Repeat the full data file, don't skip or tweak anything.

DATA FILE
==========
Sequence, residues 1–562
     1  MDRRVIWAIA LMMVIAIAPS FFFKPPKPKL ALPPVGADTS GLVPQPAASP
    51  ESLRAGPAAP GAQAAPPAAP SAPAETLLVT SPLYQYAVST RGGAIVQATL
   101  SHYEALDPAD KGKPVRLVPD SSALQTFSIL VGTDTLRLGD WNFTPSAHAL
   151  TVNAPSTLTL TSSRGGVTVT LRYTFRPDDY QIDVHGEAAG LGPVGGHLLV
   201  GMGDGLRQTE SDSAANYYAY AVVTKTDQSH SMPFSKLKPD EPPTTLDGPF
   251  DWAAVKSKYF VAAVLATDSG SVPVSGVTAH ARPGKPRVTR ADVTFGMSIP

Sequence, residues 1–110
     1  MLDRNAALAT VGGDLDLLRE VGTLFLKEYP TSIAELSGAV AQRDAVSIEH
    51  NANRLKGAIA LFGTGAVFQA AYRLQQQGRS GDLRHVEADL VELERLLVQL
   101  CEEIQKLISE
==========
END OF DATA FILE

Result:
Sequence, residues 1–562
     1  MDRRVIWAIA LMMVIAIAPS FFFKPPKPKL ALPPVGADTS GLVPQPAASP
    51  ESLRAGPAAP GAQAAPPAAP SAPAETLLVT SPLYQYAVST RGGAIVQATL
   101  SHYEALDPAD KGKPVRLVPD SSALQTFSIL VGTDTLRLGD WNFTPSAHAL
   151  TVNAPSTLTL TSSRGGVTVT LRYTFRPDDY QIDVHGEAAG LGPVGGHLLV
   201  GMGDGLRQTE SDSAANYYAY AVVTKTDQSH SMPFSKLKPD EPPTTLDGPF
   251  DWAAVKSKYF VAAVLATDSG SVPVSGVTAH ARPGKPRVTR ADVTFGMSIP

Sequence, residues 1–110
     1  MLDRNAALAT VGGDLDLLRE VGTLFLKEYP TSIAELSGAV AQRDAVSIEH
    51  NANRLKGAIA LFGTGAVFQA AYRLQQQGRS GDLRHVEADL VELERLLVQL
   101  CEEIQKLISE